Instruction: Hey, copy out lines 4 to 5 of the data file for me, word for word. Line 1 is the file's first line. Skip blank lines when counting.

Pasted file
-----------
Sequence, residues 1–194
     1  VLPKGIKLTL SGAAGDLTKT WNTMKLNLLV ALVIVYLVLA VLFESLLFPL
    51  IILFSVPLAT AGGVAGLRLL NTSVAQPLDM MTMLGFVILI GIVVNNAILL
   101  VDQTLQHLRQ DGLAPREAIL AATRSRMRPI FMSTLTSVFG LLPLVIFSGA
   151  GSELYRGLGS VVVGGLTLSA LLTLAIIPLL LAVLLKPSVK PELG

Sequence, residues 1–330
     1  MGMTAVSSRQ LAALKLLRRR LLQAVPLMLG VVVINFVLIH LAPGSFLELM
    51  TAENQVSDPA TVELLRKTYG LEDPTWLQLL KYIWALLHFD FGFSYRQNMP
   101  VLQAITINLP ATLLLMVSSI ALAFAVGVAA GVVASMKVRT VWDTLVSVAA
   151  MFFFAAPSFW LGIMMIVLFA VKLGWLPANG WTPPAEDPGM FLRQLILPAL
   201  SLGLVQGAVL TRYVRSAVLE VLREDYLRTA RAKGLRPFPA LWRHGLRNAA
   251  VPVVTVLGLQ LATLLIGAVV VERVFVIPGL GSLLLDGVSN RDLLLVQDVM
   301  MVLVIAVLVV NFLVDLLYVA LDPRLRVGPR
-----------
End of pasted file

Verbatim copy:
   101  VDQTLQHLRQ DGLAPREAIL AATRSRMRPI FMSTLTSVFG LLPLVIFSGA
   151  GSELYRGLGS VVVGGLTLSA LLTLAIIPLL LAVLLKPSVK PELG